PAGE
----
As anyone knows who has tried in whatever way to opine on the financial markets, sometimes three of the most important words in the English language are the following, “I was wrong.” The second most important three words are “I don’t know.” There are several reasons why I say this, but the most important one is that having lived through the 2008 financial crisis I can absolutely tell you that everyone from investment bank heads, CEOs of major corporations, to popular TV financial prognosticators, on down to private speculators and broker dealers in general did not see the crisis coming and took a bath on investments. Even the brightest minds get things wrong. And don’t get me started on central planners, who often never seem to be able to see asset bubbles coming, or to even know how to safely deflate said bubbles if they could see them coming.
In short, the most important lesson of the financial crisis may have been that oftentimes there are no experts, and that sometimes no one is in charge. I don’t mean to be negative in saying this- quite the opposite. It is meant to be empowering.
Oftentimes the big boys and gals get themselves in trouble with their 8 or 9 figure accounts, they are forced to liquidate, and do so without regard to fundamentals. Or put differently, these people are human beings after all who are caught up in the cycles of greed and fear– they are not superhuman, they are not above panicking. These “professionals” seem to act just as unprofessionally as retail investors– sometimes even more so. Its just that the consequences of their actions are felt more powerfully, look larger, and seem more ominous than when John Q. Public gets in trouble with his more meager holdings. But don’t let the carnage brought about by professional liquidation lead you to believe that a sector is permanently done for. Just ask investors at the bottom in March 2009 regarding many financial service industry stocks, for example. Although bottoming is a process, we are clearly at this kind of professional liquidation stage in the precious metal miners, and regardless of the price of metals, you can do quite well with these stocks in the years ahead.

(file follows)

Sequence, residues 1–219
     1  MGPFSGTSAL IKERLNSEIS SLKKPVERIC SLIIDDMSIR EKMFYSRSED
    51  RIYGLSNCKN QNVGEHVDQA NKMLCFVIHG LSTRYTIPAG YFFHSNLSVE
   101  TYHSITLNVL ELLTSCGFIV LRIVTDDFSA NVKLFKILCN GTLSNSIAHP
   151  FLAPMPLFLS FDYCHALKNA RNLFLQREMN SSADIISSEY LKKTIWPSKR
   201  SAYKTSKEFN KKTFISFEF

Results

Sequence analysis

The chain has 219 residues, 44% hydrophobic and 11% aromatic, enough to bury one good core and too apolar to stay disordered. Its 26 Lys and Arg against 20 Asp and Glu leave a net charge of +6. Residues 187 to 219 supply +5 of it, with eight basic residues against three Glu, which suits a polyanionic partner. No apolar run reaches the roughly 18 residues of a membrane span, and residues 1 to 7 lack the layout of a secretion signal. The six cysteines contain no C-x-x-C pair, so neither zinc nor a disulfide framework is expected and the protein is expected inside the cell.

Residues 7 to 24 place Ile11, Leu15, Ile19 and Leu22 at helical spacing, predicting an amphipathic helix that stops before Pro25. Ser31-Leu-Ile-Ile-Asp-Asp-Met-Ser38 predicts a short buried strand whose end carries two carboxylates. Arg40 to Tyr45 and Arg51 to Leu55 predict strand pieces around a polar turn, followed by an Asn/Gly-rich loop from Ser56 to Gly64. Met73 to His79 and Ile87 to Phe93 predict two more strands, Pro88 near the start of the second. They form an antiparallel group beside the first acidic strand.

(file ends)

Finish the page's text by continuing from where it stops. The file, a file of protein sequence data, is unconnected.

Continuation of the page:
We hear many valid objections to owning mining stocks. Those who only buy gold and silver bullion don’t want the risk involved in a mere paper asset. Others who have followed the cost management (or lack thereof) in the mining industry over these past five years believe that the miners will never get their act together and will never provide meaningful profits for investors. They believe that the mining companies are incapable of learning lessons about cost overruns, or from unrealistic expectations concerning mine acquisitions. Investors think that the miners can’t adapt the way other business owners can.
Couple this with the apparent belief that the bull market for precious metals prices is over, that a new era of nationalizations is upon us and can’t be avoided globally, and you get sentiment readings like the one we see today (and also saw last month). The percent bulls for the Gold Miners ($BPGDM) is at zero. Yes, you read that correctly— zero.
We have been here before, in late 2008. And I hope you know where the miners went from there. I also hope you understand that markets always look broken at the bottom, and that, as Alexander the Great is supposed to have said, “fortune belongs to the bold.”
…more comments from Ryan HERE